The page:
(Special to Informed Comment) – Some developments in this campaign have been predictable. Once Senators Sanders and Warren had expressed support for free post secondary education it was inevitable that other candidates would have to jump in. College costs have grown rapidly in recent years and the jobs that colleges promise—when available at all—have failed to offer wages that keep pace. These concerns are especially troublesome for the centrist neoliberal politicians, Bouttigieg and Biden especially. Since the days of NAFTA they have advocated education as the primary tool to redress the shocking inequality in our society. The neoliberal conundrum is made worse by laws that forbid bankruptcy discharge of student debt even as bankruptcy is a major tool of manipulative merger and acquisition strategies in financial markets.
Debt for education loans has become an albatross around the necks of a whole generation. There is, however, another side to this debt equation. School debt is an enormously profitable source of federally subsidized profits for major financial institutions.
The dilemma for the so called centrists is how to respond—or seem to respond—to the fiscal worries of young adults while still leaving considerable room for financial industry profits. If this sounds familiar it is because neoliberal healthcare policy—the ACA in particular—has the same goal.
B resorts to a favorite centrist approach. Buttigieg argues that it is unfair to tax working and middle class parents to pay tuition for rich kids. He would cut off full benefits at 100,000. Though this seems on the surface to be genuinely egalitarian it has several flaws suggested by previous experiments in federal generosity. Economist Dean Baker points out that verification of income levels is not as straightforward as it seems. Families will have considerable incentives to game the system and bureaucrats will need to screen carefully. A whole new industry of private game coaches may spring up, and private finance will still have a role. All of which is not only inefficient but also takes away some of the legitimacy of the program.
As with any federal program in a nation that purports to fear government the legitimacy issue looms large. Programs that benefit the entire body politic have won widespread acceptance. Some senior citizens are so enamored of Medicare as to regard it as not even a government program. On the other hand TANF, once the so called welfare, has been so unpopular as to have bread a whole mythology of the welfare queen and her Cadillac. A means tested college grant program would breed its own resentments. $100,000 is an arbitrary cutoff, and families with two kids in school and earning 160,000 would wonder why they are left out and might come to resent the program and its beneficiaries. Cuts in those programs would then become the agenda of the day. In the US, where the poor have always been treated with suspicion or outright contempt, programs for the poor become poor programs.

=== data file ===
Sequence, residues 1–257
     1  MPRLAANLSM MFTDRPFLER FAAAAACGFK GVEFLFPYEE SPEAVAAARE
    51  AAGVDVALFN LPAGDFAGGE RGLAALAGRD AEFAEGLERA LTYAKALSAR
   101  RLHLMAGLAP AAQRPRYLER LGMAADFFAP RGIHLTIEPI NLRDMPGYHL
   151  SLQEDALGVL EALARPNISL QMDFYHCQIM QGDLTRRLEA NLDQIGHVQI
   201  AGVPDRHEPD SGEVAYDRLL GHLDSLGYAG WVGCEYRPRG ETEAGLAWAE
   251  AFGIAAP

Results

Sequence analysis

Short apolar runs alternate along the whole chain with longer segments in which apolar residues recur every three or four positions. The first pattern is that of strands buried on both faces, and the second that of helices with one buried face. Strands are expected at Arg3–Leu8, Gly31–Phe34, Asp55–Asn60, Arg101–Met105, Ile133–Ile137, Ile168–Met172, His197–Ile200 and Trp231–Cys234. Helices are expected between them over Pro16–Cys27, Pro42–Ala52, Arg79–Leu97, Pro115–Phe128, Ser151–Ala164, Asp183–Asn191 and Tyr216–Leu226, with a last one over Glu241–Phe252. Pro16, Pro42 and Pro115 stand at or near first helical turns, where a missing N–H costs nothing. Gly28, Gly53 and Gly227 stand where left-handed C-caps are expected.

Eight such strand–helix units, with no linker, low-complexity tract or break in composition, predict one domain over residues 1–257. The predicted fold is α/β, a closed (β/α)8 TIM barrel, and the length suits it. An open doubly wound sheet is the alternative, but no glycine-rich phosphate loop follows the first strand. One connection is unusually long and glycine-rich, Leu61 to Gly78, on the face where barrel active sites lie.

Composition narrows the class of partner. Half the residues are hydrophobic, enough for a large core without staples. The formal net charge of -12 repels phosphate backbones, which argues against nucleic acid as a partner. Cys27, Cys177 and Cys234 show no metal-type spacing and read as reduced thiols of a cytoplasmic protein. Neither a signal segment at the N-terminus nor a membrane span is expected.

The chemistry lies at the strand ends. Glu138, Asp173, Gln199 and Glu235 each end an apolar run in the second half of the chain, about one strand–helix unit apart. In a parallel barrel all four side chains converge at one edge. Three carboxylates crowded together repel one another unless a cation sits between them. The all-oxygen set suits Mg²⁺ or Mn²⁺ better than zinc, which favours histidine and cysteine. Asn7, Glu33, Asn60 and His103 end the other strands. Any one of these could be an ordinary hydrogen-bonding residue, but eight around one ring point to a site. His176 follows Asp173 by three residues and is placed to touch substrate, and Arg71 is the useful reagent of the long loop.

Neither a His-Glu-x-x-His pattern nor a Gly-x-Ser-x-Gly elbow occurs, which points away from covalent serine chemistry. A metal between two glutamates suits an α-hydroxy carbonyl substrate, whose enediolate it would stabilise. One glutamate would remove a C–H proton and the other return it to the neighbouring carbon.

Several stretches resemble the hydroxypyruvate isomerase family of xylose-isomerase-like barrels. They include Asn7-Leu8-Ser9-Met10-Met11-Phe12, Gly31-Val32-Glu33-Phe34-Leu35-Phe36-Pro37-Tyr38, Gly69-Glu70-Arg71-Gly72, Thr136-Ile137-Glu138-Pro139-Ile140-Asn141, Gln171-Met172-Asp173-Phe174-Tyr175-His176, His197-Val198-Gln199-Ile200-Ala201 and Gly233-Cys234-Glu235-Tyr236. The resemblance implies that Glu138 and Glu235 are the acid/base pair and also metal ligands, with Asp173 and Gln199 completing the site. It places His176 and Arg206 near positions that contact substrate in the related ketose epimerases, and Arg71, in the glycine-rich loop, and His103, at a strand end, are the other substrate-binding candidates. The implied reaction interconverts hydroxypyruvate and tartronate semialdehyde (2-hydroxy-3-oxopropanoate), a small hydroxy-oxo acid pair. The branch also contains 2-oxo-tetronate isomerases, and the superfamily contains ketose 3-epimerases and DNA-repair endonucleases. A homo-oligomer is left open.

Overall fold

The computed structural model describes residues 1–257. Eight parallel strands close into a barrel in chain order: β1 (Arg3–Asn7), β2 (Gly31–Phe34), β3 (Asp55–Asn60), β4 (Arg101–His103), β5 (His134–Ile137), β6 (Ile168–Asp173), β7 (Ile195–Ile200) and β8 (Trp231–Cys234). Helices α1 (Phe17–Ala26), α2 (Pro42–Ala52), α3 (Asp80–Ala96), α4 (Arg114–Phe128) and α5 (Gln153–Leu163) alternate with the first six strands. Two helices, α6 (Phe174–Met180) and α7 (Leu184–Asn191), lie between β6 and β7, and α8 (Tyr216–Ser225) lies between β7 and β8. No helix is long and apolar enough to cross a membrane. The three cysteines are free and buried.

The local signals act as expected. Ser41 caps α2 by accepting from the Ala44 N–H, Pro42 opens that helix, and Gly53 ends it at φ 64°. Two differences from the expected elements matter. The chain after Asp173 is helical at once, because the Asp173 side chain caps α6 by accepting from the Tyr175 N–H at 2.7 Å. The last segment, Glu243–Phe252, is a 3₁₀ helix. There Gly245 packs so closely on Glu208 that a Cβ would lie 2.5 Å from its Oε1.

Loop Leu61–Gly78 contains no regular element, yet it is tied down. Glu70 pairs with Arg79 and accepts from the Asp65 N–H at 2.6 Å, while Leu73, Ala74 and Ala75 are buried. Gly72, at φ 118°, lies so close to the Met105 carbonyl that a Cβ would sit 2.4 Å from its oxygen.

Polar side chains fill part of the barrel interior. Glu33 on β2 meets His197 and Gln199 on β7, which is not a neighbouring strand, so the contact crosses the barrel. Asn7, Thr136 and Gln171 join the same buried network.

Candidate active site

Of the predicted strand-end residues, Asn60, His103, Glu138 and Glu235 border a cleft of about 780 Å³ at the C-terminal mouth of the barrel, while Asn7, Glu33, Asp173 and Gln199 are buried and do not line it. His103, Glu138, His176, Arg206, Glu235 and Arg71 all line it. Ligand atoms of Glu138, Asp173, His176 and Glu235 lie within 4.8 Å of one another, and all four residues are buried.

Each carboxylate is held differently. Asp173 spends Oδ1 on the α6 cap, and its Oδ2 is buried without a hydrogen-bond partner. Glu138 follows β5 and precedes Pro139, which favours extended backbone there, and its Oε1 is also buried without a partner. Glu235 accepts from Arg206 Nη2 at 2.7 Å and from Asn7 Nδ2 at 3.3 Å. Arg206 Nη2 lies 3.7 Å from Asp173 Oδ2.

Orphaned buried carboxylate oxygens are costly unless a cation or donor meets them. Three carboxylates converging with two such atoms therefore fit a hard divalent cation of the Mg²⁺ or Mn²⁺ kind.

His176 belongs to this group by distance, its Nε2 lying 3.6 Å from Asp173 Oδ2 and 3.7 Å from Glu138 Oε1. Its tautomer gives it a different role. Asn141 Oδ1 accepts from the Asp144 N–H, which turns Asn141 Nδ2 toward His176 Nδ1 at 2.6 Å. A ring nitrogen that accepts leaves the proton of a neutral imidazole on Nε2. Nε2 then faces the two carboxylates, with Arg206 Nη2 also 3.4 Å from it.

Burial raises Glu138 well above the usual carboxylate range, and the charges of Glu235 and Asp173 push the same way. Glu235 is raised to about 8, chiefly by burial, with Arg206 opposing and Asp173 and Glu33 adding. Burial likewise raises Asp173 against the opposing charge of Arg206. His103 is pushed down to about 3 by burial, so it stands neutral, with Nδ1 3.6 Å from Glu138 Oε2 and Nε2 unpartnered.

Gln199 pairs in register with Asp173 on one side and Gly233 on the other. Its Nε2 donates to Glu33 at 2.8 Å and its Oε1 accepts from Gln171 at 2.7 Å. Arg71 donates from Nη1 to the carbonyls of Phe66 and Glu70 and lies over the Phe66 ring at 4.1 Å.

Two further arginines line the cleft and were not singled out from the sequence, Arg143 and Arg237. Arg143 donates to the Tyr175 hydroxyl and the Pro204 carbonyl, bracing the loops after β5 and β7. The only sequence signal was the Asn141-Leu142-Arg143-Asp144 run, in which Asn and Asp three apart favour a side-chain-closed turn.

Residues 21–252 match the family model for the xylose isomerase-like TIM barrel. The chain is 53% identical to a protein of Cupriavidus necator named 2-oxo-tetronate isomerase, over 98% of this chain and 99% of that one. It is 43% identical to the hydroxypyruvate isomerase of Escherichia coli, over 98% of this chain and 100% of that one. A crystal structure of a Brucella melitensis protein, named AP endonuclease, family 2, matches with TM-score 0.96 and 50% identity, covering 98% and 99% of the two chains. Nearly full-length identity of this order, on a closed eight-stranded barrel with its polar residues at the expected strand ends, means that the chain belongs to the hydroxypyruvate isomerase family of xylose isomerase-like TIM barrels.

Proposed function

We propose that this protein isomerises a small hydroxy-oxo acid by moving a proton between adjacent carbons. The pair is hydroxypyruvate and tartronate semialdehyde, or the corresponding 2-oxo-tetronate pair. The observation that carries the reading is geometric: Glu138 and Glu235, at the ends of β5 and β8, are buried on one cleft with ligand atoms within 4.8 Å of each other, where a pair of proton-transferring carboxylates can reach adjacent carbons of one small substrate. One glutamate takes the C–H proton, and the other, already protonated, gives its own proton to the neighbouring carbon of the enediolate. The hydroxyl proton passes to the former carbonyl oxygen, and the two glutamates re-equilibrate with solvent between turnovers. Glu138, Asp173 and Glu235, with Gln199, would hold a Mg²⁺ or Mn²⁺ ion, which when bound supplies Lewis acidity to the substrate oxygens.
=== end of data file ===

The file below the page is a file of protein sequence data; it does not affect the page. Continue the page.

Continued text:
A free college and technical school program, like all government expenditures can be financed by deficits or progressive taxation if resources have become too scarce. But depriving the wealthy of this benefit is ethically questionable and is bad politics. An educated citizenry is one of the bulwarks of democracy. The degree of socioeconomic inequality in a society is a separate issue best addressed through taxation, labor reform, and corporate structure. In addition, advocates of free college want and need upper middle class professionals on their side, not resenting their being left out of the benefit. The smarter among them know such programs are a form of insurance. If one’s income plummets the kids’ education need not be terminated. Free education might then join Social Security as an automatic stabilizer of family and national income. Something we cannot gain with a parsimonious means tested program.
The success of a program like this can also cast a halo effect. Government is seen as doing something right. And when a program is not means tested it is easier to regulate and qualify for. No endless paper work. Means tested programs like the ACA give government programs a bad name because of the demands they make on participants and the bureaucracy needed to administer them. This is one of the reasons neoliberal “centrists” so strongly oppose universal programs. Progressives shouldn’t join them in that mistake.
Bonus Video added by Informed Comment: